Now I take notice of parallel harmony, and his point about direction and inversion, seems to be true. I do see parallel root position triads in classical style. It's rare, but when I do see it, it doesn't seem to be accidental. It does seem like it happens in connecting or extending passages, in the same places where you might find harmonic sequences. You might also compare its frequency of use and placement to passages in unison/octaves. Like in a string quartet. Most of the texture is typical four-part writing, but then there are highlights of unison/octave playing. Most of the texture is four-part, but there can be high lights of parallel harmony.

Anyway, if the C3 was held rather than moving to D3 the chords would be the same and the parallel fifths avoided, so it doesn't seem to make much difference to have the D3 in an inner voice, that only doubles at the octave, and adds nothing else to the harmony, except perhaps the "trembling" sonority of a major second in a low register.

enter image description here


Parallel root position triads, two examples:

L. Mozart, Nannerl Notebook, No. 34

enter image description here

Dabney, Twelve Minuets and Twelve Dances

enter image description here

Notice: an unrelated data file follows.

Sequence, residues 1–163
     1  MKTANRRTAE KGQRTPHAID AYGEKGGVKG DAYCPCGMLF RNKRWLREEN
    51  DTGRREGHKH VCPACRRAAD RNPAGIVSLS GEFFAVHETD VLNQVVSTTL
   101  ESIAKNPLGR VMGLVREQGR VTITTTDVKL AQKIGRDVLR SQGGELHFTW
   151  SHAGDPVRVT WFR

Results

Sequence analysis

The first being a very famous pedagogical source - not where I imagine finding a harmonic faux pas - and the other a run-of-the-mill set of dances. Actually, some other examples of parallel fifth occur in the dances sets I've collected, and they always interrupt my sight reading... because I think I made a reading mistake!

4
  • Could you add a page reference for the Tymoczko?
    – Aaron
    May 10, 2022 at 19:00
  • Do you mean footnote style? May 10, 2022 at 19:00
  • I just mean so I can go right to his discussion of parallels. The document is pretty long.
    – Aaron
    May 10, 2022 at 19:01
  • 1
    Got it, I added a note after the hyperlink. May 10, 2022 at 19:37
9

The reason that parallel fifths are bad is that the 5ths end up sounding like overtones of the roots, rather than individual notes of their own.

In four-part harmony, this is undesirable, because two of the four voices end up collapsing into a single voice. But in a lot of piano music, where the number of voices is not controlled, it doesn't matter.

In this case it wouldn't matter anyways, because when you arpeggiate the chord in this way the notes don't really sound conflated.

3

They're OK because Schumann isn't composing in the style of a 17th century four-voice chorale. It's basically a C triad then a D triad, both over a C pedal. Even if not arpeggiated, this would be a perfectly acceptable pianistic texture.

2

Two things: First of all Schumann is not writing a strict polyphonic chorale, but a piano piece where any amount of notes can come up and go. Still parallel structures bear the danger of sounding a bit weird and weak. Suppose you’d take way the bass. Then you’d just have a C-major chord that is shifted up in parallel into D-major. But this still works as the D-major has the 7th in the bass, giving the chord a lot of tension and at the same time implying some notion of counter motion resolution (the 7th in the bass implies a strong downward resolution).

Your Answer

By clicking “Post Your Answer”, you agree to our terms of service and acknowledge you have read our privacy policy.

Not the answer you're looking for? Browse other questions tagged or ask your own question.